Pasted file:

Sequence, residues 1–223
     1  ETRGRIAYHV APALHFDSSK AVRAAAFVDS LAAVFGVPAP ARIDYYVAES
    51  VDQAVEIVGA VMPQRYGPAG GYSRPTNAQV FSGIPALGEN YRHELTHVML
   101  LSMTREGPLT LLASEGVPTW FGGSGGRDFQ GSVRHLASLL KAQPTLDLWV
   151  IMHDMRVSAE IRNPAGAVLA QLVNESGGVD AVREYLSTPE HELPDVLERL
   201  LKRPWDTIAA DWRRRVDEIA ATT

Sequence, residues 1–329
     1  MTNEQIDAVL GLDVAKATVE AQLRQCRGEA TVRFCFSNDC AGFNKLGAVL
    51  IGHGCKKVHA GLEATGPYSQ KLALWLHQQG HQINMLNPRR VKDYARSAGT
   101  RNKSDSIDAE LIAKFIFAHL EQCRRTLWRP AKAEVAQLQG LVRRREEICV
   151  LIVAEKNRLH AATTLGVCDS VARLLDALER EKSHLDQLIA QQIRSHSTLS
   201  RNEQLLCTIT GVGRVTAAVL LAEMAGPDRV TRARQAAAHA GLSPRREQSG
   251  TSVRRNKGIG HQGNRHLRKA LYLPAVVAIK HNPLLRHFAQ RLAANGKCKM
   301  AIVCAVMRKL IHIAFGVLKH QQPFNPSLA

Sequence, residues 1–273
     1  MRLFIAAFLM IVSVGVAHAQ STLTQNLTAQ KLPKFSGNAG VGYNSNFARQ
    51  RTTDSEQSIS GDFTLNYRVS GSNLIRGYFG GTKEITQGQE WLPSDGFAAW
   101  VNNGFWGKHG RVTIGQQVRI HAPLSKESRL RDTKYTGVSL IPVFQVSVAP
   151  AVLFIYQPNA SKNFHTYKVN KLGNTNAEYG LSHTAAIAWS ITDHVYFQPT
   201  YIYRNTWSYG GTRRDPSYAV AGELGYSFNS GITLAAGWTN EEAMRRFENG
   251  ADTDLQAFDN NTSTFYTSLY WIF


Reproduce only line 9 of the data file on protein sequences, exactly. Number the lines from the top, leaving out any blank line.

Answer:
    51  IGHGCKKVHA GLEATGPYSQ KLALWLHQQG HQINMLNPRR VKDYARSAGT